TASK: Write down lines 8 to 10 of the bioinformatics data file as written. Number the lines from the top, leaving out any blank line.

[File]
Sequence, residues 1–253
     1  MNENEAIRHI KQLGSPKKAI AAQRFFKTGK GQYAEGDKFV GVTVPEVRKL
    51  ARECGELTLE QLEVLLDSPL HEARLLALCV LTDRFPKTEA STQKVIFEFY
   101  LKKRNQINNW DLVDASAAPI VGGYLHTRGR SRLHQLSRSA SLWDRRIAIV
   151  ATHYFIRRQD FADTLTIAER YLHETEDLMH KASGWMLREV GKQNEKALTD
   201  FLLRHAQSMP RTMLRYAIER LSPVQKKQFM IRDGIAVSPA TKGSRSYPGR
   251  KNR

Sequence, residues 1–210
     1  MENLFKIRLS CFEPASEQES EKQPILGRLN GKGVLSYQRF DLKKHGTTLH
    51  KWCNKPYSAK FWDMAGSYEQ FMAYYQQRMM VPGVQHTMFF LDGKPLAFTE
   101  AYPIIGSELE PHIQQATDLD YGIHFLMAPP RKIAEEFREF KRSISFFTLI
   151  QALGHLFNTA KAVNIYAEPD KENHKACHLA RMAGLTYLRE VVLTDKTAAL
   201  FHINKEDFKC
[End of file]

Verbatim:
Sequence, residues 1–210
     1  MENLFKIRLS CFEPASEQES EKQPILGRLN GKGVLSYQRF DLKKHGTTLH
    51  KWCNKPYSAK FWDMAGSYEQ FMAYYQQRMM VPGVQHTMFF LDGKPLAFTE